Conversations about sex with your child can be awkward and embarrassing. And discussing sexually transmitted diseases can be doubly uncomfortable. However, it is vital to discuss sex and ways of preventing STDs with your teenagers. How do you broach the subject? Here are insights on how to start the conversation and arm your kids with knowledge on STDs:
When Is the Ideal Time to Talk About STDs?
While there is no specific time or age to talk about STDs with your kids, it is best to start the conversation early. From around 11 years old, children typically learn about sex; therefore, it is up to you to build their knowledge and help them understand the risks involved with STDs. If your child is older and you have not had a discussion on sexual health, you should have the conversation instead of ignoring the topic.
How to Begin the Talk
Many parents are hesitant to talk about sexual health because they do not know how to bring up the subject. Nowadays, you may not have to think of conversation starters because most kids ask questions about sex. Questions give you the perfect opportunity to educate them about sexual health and steer the conversation to STDs. You can also use media like movies or music to initiate discussions about sex. Ask them leading questions to find out what they know, and you can build from the basic knowledge they already have.
Once you initiate the conversation, you should be willing to talk about every aspect of sexual health and answer their questions. Most teens will feel awkward and shy when you broach the topic, but you should embrace the awkwardness and communicate in an open and non-judgmental way.
Talk About the Importance of Safe Sex and the Risks of STDs
You cannot have one conclusive talk about STDs. Instead, you should open the communication channels and make it a continuous learning process. However, before you share information about STDs with your kids, you need to educate yourself. Remember, your kids trust you, and they will believe every word you say. Therefore, you need to be careful not to feed them with any misinformation.
Your child should be aware that STDs often lack immediate symptoms and that their partners may not be aware they have the disease. Discuss the types of STDs like syphilis, chlamydia, HPV, gonorrhea, and genital herpes. Ensure that your kids know that the diseases spread primarily through sex or contact with bodily fluids. It would be best if you also covered the common symptoms of STDs like sores and discharge in the genital area.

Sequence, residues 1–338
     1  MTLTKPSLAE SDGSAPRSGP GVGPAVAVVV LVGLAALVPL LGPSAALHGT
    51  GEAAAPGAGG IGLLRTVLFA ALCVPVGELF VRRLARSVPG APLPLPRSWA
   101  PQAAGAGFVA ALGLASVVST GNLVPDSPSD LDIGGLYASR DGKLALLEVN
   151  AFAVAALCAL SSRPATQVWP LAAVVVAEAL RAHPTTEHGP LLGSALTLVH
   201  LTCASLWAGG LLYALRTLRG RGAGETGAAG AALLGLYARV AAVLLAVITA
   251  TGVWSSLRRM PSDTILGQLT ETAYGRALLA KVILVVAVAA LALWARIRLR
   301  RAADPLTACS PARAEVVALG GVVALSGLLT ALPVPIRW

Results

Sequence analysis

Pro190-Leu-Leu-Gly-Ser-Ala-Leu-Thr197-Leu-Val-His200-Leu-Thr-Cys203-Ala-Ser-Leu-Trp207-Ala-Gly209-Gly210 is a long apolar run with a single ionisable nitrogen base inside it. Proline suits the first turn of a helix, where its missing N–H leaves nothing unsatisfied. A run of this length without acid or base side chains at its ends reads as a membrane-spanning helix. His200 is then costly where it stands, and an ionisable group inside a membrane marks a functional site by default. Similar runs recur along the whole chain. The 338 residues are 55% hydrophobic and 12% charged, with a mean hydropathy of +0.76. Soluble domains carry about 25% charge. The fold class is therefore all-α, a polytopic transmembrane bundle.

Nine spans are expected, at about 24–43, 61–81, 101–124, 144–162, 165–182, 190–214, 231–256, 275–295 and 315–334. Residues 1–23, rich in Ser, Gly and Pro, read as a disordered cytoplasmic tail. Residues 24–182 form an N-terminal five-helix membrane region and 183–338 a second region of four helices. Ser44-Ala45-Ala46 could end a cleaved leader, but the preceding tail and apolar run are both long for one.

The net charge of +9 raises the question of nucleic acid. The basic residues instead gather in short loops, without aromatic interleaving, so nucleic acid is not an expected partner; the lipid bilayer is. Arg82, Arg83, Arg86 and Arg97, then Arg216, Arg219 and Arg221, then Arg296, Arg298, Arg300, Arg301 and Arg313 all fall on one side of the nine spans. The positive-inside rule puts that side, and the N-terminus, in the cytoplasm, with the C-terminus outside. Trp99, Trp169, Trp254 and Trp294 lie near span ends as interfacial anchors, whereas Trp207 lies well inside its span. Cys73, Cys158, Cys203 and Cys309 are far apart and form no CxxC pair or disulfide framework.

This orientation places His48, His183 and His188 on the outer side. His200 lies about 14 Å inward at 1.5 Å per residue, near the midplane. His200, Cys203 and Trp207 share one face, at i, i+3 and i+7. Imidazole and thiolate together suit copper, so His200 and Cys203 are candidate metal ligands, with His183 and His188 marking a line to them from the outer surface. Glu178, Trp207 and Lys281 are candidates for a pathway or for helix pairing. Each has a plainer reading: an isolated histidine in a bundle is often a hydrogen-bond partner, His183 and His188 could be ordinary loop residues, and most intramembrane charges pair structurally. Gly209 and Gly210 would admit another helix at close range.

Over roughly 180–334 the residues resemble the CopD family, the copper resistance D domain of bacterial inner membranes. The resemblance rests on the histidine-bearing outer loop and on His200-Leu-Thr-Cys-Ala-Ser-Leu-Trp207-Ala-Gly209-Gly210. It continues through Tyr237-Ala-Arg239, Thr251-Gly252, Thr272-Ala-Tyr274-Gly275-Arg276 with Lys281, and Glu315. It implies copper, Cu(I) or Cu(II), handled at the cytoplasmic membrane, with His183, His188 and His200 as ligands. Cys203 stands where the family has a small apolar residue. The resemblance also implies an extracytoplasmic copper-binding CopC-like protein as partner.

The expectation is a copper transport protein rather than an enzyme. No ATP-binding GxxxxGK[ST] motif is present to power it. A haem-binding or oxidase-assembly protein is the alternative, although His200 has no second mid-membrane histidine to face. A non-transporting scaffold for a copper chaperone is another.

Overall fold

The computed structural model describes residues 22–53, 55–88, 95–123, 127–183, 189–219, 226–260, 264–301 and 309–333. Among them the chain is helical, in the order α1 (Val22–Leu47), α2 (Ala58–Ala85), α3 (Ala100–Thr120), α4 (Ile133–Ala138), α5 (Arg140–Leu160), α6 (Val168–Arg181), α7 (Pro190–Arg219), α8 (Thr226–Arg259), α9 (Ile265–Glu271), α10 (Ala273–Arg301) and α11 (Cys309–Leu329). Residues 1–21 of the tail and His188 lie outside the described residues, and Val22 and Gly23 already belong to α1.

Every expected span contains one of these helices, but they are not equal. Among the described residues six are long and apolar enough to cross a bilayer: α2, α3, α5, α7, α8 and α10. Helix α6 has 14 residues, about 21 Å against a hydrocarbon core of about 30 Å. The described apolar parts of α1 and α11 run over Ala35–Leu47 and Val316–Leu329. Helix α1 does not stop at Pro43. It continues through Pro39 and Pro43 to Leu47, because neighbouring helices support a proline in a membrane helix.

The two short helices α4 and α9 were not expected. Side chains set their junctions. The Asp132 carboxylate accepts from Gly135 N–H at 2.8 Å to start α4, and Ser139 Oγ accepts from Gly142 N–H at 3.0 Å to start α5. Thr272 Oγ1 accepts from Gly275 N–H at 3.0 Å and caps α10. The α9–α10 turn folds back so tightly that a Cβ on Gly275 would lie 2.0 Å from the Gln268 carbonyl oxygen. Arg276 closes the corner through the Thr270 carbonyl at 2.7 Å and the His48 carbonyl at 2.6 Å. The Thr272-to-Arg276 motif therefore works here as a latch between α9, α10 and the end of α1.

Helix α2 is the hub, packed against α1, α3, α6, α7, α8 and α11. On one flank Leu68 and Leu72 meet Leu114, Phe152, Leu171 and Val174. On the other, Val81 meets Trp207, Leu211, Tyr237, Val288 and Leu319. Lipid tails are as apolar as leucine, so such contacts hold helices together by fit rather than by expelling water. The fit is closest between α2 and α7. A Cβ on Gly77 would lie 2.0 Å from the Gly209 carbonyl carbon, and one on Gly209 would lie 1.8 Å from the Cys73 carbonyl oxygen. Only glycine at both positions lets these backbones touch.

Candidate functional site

Insist on the importance of prevention through abstinence, HPV vaccines, the use of condoms, and other ways of to practice safe sex. Your kid should learn from a young age about safe sex to protect themselves and their partners. You should also advise them to go for sexual health check-up with their partners. STDs are treatable in the early stages; for instance, chlamydia treatment can help to cure the disease if it is done at an early stage. However, if the conditions are left untreated, the effects are long-term, even including infertility. While chlamydia treatment is readily available, ask your kids not to be reckless about their sexual health. Besides, not all STDs have a cure.
Why Is STD Education Vital?
The health of your child is critical. Therefore, you have to take the initiative to guide them and ensure they make positive life choices. Talking about sex and the risks associated with it helps them to make informed decisions. Many parents presume that sex education encourages sexual behaviors, which is not true. However, you should educate your kids about STDs to ensure that they protect themselves when they are sexually active. Being open and non-judgemental about STDs will also make it easier for your children to share their concerns about relationships and sex.
If you want your child to know that you support them and want the best for them, you should be available for talks; be willing to listen without judgement. If you have a hard time discussing sexual health and STDs with your kids, you can involve their pediatrician or a counselor.